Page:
Nicole Cooke retired at the start of 2013, bringing to an end a highly successful and at times controversial career. Currently studying for her Masters degree at Cardiff University, Cooke, who won gold at the Beijing Olympic Games in 2008, recently took time out to talk to Cyclingnews.
We caught up with her at a book signing for her autobiography in Bath and talked about her career, the difficult relationships she had with cycling’s biggest authorities, the struggles within women’s cycling and doping.
Cyclingnews: How's retirement going?
Nicole Cooke: It's been brilliant. It has been a bit more action-packed than perhaps I expected and the first few months in 2013 were fairly low-key, thinking about what I was going to do. I wanted to study and eventually I took the plunge and got sorted to do a masters degree in business administration which I started last September at Cardiff University.
And within a couple of months of retiring I met with Simon & Schuster who were interested in doing the book after seeing my retirement statement, and last year, the whole autobiography idea took off.
CN: How was your retirement statement received?
NC: Very, very well. In the actual press conference it was kept quiet as to what was going to happen but there was applause at the end and I think from all the articles and commentaries afterwards people were ready to hear some common sense being talked.
CN: Reading it I suspect it still came as somewhat a shock to some people, as apart from legal reasons you didn't seem to pull any punches
NC: No, at that time it might have been my parting shot to cycling. I wasn't sure it I was going to do an autobiography so I really wanted to make sure that if that was going to be it, that I said what I wanted to say.
CN: So what made you then do the autobiography?
NC: Well, the interest from a prestigious publishing company, who really wanted to do it, and the fact that I was going to get the backing was very reassuring and I felt that there were some things and some episodes that would really be done justice if they were brought out in a book where there really was time to develop. And I think it's brilliant to have the record for me of what was obviously a very special time in my life and hopefully for other people to look at that and learn from it and its a kind of record of history as it was.
CN: Why did you decide to retire when you did, I'm not sure you specifically answer it in the book?
NC: When I was in my teens and thinking what would be the best cycling career ever, it was could I race for ten years up to when I'm 30 ,which for me going into professional racing at 18, racing to win from the very beginning, so if I could have ten years at the top that really would have been everything I wanted and getting to London 2012 I really felt it was a great time to call it a day. I had achieved everything I wanted to and I think when the time came I also had quite a list of things I wanted to do and interests outside of cycling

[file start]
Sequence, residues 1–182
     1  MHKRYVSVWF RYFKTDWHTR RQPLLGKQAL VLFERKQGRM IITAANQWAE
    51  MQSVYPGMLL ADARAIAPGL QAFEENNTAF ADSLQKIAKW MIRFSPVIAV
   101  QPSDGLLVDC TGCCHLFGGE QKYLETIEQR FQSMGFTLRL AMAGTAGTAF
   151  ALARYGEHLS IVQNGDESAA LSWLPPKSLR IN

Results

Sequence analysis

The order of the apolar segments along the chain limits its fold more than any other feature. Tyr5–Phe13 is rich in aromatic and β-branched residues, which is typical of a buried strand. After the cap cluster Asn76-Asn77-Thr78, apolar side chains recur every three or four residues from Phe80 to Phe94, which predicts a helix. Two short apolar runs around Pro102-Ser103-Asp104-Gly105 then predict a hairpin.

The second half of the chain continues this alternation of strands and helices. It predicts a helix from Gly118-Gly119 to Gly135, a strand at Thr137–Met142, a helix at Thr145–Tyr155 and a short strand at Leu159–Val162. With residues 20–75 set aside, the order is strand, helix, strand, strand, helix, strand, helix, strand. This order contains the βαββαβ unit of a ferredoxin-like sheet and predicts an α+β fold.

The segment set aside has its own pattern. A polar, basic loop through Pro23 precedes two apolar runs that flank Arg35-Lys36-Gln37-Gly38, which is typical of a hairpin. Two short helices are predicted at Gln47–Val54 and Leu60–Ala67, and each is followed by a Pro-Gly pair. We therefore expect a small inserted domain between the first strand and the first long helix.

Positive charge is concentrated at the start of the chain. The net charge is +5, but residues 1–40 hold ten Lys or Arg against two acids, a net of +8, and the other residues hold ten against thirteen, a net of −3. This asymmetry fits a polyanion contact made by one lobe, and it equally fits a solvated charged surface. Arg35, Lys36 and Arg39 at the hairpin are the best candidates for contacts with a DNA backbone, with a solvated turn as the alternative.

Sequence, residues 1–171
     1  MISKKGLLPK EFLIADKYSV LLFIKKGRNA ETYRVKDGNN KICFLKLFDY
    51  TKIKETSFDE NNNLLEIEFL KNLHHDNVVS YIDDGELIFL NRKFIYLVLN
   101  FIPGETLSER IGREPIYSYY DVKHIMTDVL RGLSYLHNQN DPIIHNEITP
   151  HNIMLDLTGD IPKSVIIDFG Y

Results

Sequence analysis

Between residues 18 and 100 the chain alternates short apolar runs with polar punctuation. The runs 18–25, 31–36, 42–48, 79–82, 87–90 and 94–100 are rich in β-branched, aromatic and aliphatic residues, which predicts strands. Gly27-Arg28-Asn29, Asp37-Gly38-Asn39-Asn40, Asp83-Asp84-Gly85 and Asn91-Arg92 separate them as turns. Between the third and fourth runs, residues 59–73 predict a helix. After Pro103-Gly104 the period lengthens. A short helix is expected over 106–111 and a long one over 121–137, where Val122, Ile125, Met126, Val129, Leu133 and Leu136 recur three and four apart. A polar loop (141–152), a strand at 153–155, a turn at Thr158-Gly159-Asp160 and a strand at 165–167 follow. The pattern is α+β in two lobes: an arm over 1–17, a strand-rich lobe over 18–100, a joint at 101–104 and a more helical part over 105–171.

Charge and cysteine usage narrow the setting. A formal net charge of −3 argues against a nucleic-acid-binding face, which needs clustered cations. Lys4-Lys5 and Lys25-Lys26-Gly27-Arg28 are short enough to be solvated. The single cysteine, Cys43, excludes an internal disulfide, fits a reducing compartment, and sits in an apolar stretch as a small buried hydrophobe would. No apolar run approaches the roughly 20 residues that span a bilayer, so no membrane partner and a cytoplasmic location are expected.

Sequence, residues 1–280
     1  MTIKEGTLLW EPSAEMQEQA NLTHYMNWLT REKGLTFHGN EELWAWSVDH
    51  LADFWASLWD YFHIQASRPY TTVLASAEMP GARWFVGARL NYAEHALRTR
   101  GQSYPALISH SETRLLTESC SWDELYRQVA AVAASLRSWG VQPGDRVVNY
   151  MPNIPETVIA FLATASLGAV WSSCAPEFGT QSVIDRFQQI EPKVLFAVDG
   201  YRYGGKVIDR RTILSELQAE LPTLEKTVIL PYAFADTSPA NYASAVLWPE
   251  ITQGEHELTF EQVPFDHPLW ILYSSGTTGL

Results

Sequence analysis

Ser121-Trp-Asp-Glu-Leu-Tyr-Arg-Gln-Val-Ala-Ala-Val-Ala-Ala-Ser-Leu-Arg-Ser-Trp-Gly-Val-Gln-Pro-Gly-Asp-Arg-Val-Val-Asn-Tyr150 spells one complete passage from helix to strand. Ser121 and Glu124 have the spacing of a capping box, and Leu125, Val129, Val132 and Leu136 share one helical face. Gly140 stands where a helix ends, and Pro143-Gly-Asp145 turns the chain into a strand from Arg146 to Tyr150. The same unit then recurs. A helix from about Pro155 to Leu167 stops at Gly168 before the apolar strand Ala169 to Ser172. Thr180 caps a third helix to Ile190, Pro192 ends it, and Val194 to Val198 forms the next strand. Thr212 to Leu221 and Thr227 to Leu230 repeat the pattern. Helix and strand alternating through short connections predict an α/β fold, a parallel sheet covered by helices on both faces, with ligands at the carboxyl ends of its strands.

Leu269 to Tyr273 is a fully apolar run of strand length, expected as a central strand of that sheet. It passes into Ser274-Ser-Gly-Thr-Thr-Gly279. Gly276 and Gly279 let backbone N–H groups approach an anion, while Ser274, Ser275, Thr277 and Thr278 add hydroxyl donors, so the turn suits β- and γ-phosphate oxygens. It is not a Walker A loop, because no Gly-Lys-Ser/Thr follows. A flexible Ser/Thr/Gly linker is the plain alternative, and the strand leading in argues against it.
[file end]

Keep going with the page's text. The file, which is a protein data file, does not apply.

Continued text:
CN: Are you planning on getting back on the bike?
NC: Yes, I still ride out to see friends, and the bicycle as a mode of transport is still a preferred way. I'd like to go on some cycling holidays.
CN: Are you still in touch with any of your former teammates?
CN: How did you find writing the book?
CN: Did you have a ghost writer?
But it also gave me a chance to revisit events, particularly with the British Cycling Federation, and actually see how many chances there were to develop the women's British road team. The 1998-99 start, the 2002 start that didn't happen, the 2003 start that didn't happen, the 2005-6 start, the 2007. Five chances in all...
CN: How do you feel now about how BC treated you? It's hard from the book to work about why they treated you so badly...
CN: Has it changed?
CN: Do you think the culture has now changed both in British and women's cycling in general?
CN: Have you thought of mentoring any young cyclists?
CN: Do you have hopes that is changing or is going to change?
CN: What do you think caused that?
CN: Do you think there's a realistic hope of this happening? Considering that at least in Olympic track cycling there is now greater equality...
CN: Had track cycling had the number of events then that it has now might you have considered going down that route?
CN: How do you feel that riders like David Millar who atone for their past. [In her book NC makes it clear that she doesn't feel the like of Millar have suffered for what she sees as their crimes] Is there anything they can do?
NC: What we've seen is a lot of drug cheats doing the barest minimum to return to the sport, to be accepted. I haven't seen one drug cheat [tell all] – apart from Floyd Landis, and that was only because he'd lost everything and didn't get a spot with Lance. He'd kept the secret for all of those years, he still held the omerta. And it was only at the very, very end he thought, 'Stuff it, I'm going to bring the house down and then I'll be the good guy and cash in.' Landis has only looked out for his best interests. And that is what I see in all of the drug cheats – they're only ever doing the barest minimum to be accepted, it's only ever doing what's in their best interests. For me, I think it's a case of the authorities needing to grab hold of these issues. I don't really think there's an understanding of the number of victims of doping – and actually they need to make radical changes so that [a positive dope test] is a career stopper if you're caught. It's not a career stopper at the moment – so what have you got to lose? And you're welcomed back in a couple of years...